Know Your Benefits: The “Whats,” Whys” and Best Practices of Preventive Care
According to the Centers for Disease Control and Prevention (CDC), 7 out of 10 Americans die each year from chronic diseases. (Examples of chronic disease include heart disease, cancer, stroke, or diabetes.) Of these deaths, many are preventable. When preventive care is used and illnesses and diseases are caught early enough, individuals can avoid or better control their health problems.
What is preventive care?
Preventive care is a type of healthcare whose purpose is to shift the focus of healthcare from treating sickness to maintaining wellness and good health. It’s about being proactive with your healthcare. Preventive care occurs before you feel sick or notice any symptoms and is designed to prevent or delay the onset of illness and disease. The CDC says that treatment for chronic diseases works best when they are detected early.
In its broadest definition, prevention includes a diet, exercise, healthy lifestyle and other similar efforts. Preventive care in a medical setting includes a range of healthcare services, such as a counseling, immunizations, laboratory tests, physical examination and screenings. Regular health evaluations will help keep you healthy and prevent more serious problems later.
Visiting your primary care doctor once a year is important for keeping your health on the right track. Moreover, by scheduling annual checkups, your doctor will be more familiar with your personal health history. This knowledge helps create a health baseline, allowing him or her to detect any abnormal or unusual health concerns. Regular visits will also help establish a better relationship and trust between a doctor and patient.
Why use preventive care?
Preventive care is important because it helps you stay healthy and access prompt treatment when necessary, and it can also help reduce your overall medical expenses.
- Stay healthier and get more effective treatment. Many screenings and tests can catch a disease before it starts; for example, diabetes screenings can tell you whether you’re pre-diabetic, or whether you already have diabetes without being aware of it. Starting treatment or lifestyle changes before a disease starts or while it is still in its early stages will help you stay healthier or recover more quickly.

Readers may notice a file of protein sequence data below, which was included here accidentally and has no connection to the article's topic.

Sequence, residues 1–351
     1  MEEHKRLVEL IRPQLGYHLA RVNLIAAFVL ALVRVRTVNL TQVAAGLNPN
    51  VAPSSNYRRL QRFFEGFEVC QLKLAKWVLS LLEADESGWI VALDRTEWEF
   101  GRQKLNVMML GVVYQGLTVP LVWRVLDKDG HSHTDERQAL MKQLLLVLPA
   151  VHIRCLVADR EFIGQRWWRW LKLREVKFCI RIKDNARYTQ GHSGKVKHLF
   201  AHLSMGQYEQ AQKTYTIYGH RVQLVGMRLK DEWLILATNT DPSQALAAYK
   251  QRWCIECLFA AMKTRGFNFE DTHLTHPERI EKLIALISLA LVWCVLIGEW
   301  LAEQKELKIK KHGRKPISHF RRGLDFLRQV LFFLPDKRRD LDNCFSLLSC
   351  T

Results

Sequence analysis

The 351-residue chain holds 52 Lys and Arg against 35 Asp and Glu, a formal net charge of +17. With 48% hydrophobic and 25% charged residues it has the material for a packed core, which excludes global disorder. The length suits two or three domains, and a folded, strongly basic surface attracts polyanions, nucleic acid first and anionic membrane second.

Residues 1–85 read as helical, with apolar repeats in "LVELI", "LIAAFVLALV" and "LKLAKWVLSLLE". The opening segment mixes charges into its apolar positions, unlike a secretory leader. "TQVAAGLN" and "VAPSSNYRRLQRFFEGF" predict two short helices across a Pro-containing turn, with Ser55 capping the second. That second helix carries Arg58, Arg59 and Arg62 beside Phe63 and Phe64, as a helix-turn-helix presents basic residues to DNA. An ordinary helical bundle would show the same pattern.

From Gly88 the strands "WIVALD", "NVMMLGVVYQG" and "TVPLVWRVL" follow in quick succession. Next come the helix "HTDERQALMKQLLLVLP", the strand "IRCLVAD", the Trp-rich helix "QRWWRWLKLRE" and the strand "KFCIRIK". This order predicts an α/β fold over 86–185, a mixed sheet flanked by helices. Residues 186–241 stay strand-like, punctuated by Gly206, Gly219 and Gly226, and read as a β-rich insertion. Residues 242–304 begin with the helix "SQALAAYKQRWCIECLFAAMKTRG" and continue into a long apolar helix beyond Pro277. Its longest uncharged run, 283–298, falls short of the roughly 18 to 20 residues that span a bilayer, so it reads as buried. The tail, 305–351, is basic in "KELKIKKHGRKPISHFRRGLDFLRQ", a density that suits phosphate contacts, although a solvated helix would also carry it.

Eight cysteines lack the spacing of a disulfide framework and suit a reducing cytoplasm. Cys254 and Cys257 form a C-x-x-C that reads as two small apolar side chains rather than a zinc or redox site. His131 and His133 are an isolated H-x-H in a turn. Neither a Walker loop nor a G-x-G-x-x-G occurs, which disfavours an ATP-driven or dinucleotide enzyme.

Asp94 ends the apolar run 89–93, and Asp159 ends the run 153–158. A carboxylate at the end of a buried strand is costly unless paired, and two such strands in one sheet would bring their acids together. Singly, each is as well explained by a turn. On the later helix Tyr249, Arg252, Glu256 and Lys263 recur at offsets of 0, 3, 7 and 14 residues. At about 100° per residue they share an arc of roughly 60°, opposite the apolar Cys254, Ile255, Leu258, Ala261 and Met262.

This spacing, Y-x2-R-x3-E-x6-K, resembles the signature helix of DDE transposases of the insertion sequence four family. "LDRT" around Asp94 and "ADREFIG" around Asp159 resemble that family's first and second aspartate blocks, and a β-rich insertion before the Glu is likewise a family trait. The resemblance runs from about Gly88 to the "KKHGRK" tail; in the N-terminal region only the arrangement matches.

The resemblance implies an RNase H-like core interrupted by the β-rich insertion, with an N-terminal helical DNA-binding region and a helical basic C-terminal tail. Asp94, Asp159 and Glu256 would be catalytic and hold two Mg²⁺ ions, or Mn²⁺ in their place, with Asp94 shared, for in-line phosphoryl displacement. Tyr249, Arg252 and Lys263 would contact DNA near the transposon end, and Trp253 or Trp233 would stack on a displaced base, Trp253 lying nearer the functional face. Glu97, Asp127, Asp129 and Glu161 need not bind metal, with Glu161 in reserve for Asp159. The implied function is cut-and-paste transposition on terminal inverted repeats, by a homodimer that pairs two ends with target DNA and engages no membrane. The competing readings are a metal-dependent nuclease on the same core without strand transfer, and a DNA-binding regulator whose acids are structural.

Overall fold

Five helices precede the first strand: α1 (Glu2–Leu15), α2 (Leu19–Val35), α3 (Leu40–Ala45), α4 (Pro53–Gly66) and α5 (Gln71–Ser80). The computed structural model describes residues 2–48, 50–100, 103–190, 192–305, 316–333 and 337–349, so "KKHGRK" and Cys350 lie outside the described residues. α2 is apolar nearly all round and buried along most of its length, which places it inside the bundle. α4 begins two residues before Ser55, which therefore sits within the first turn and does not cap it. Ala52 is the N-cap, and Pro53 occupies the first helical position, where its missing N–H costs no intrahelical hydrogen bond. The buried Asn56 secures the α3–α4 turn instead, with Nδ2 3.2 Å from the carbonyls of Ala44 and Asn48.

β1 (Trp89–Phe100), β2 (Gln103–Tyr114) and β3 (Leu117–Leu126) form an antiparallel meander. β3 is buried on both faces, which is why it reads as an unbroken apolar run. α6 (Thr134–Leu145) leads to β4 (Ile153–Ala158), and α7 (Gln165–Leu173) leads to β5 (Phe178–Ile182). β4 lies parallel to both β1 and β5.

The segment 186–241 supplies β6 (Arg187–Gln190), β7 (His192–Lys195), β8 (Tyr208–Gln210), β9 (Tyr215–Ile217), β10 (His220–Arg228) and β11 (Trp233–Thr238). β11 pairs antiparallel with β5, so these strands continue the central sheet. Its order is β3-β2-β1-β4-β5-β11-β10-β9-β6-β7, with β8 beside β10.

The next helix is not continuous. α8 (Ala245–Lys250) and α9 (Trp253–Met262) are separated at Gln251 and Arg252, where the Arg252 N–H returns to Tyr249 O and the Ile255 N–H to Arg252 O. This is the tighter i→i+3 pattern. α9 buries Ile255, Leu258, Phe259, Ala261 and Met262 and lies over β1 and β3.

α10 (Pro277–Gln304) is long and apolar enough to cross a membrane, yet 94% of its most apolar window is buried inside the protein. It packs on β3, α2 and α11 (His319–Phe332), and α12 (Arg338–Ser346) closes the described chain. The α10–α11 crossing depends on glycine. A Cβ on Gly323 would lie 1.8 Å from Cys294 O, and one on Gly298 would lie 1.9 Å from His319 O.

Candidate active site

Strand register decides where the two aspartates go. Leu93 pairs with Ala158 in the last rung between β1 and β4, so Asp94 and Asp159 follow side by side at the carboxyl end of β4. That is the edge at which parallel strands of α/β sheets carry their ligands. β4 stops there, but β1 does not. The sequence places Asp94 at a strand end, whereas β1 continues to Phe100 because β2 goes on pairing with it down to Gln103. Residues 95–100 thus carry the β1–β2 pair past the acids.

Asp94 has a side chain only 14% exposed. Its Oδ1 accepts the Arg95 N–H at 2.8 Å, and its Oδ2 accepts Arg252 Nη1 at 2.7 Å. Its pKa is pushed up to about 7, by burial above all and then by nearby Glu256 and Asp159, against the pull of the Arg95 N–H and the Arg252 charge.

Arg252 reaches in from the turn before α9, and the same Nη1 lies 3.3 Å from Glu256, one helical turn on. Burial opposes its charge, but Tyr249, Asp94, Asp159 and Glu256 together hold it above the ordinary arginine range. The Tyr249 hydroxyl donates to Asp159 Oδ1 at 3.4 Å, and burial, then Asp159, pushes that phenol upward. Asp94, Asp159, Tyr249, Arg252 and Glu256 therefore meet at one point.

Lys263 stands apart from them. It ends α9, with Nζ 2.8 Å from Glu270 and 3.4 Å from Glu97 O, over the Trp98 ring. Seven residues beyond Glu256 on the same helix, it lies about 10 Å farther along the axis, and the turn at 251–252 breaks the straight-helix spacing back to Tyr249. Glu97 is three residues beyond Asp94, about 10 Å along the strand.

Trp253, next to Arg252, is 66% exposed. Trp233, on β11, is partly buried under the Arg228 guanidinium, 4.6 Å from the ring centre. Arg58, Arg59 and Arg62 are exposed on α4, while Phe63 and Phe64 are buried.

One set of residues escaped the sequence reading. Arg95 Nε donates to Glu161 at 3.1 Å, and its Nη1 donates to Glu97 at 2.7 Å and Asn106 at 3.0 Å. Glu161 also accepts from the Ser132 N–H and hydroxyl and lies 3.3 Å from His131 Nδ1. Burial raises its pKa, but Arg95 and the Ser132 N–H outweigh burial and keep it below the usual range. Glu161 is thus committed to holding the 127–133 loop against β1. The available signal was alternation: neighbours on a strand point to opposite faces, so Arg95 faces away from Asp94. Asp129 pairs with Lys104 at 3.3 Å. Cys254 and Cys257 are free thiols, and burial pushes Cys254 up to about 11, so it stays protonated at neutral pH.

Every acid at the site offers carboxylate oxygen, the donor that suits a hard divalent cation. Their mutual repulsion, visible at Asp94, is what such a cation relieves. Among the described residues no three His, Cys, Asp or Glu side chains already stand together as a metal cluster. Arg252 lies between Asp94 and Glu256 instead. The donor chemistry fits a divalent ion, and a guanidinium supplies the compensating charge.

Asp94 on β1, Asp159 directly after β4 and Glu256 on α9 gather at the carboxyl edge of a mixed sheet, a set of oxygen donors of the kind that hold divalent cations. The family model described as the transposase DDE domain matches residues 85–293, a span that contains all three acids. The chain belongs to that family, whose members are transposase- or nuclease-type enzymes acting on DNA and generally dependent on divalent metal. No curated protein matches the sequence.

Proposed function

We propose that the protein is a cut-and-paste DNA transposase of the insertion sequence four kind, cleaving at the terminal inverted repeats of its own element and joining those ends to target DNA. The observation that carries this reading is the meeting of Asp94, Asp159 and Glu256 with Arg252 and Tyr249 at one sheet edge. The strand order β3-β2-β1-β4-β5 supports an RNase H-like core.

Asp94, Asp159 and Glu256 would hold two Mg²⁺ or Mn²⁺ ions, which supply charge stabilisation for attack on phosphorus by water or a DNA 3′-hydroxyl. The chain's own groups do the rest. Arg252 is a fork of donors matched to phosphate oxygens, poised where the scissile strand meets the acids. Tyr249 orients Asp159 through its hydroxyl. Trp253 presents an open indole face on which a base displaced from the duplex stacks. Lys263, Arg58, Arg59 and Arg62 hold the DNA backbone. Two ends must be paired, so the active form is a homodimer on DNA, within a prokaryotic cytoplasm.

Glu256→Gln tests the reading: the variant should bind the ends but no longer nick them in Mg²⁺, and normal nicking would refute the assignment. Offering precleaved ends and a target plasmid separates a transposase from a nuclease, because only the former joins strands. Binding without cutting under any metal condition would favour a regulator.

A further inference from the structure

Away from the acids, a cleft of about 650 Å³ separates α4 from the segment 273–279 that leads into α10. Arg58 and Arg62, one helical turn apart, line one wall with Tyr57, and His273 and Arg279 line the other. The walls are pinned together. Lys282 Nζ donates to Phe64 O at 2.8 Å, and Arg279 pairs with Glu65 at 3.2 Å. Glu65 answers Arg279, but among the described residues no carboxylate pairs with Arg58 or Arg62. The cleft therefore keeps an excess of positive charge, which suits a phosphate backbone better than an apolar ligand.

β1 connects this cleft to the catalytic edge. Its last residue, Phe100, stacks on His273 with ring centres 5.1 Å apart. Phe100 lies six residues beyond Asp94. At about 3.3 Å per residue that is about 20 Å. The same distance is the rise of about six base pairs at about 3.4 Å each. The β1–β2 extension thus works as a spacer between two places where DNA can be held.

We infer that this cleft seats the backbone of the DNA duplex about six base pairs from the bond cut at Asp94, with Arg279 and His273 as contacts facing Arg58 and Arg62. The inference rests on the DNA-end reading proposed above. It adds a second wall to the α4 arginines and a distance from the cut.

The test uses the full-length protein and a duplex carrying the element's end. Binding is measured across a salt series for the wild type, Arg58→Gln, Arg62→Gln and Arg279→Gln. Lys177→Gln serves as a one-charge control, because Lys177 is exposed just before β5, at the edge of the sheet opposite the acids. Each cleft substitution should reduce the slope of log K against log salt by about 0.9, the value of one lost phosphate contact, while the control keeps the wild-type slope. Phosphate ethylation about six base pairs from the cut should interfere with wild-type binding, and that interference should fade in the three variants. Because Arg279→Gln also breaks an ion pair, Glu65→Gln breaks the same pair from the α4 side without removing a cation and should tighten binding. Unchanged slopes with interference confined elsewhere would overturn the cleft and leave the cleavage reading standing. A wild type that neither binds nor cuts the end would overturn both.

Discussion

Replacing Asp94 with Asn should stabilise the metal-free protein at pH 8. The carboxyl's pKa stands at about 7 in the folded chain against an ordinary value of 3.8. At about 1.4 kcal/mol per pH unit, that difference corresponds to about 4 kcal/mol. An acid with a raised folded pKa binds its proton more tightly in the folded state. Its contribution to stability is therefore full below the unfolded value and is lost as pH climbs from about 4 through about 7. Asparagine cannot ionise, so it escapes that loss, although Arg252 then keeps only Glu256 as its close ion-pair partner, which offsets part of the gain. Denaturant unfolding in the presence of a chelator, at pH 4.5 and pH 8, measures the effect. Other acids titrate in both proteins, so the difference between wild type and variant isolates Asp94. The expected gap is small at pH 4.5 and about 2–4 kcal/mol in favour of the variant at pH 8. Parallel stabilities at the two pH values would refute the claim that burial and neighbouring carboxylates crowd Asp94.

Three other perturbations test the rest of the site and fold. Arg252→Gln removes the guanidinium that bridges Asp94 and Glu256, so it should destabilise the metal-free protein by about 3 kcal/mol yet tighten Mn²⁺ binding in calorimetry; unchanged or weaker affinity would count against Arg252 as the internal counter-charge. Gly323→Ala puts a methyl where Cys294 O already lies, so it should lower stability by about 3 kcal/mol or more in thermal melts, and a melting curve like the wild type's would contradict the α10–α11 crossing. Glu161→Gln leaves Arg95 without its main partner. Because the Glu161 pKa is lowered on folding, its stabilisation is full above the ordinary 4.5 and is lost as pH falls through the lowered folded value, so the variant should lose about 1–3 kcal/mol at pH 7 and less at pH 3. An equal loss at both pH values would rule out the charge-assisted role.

- Pay less for medical expenses. Preventive care saves you money in two ways:
- First, preventive care helps lower the long-term cost of managing disease because it helps catch problems in the early stages when most diseases are more readily treatable. The cost of early treatment or diet or lifestyle changes is less than the cost of treating and managing a full-blown chronic disease or serious illness.
- Second, many preventive services are now covered in full by insurance due to the Affordable Care Act (ACA), which means they are free for you if you have health insurance. The ACA requires certain preventive services to be covered with no cost-sharing—this means that for many preventive care services, you will not have to pay a deductible, copay, coinsurance or other out-of-pocket expenses.
Preventive care best practices
The U.S. Department of Health and Human Services has provided lists of preventive services that must be covered by most health insurance plans. Lists are available for adults, women and children, as covered services depend on age and gender.
For adults, services such as blood pressure and cholesterol checks and screenings for depression are covered. Women may have folic acid supplements and anemia screenings covered if they are pregnant. Children’s covered preventive services include autism screenings for children at ages 18 and 24 months and alcohol and drug use assessments for adolescents.
The information provided in this article is to be used for informational purposes only and is not intended to replace the advice of a medical professional. Readers should contact a health professional for appropriate advice.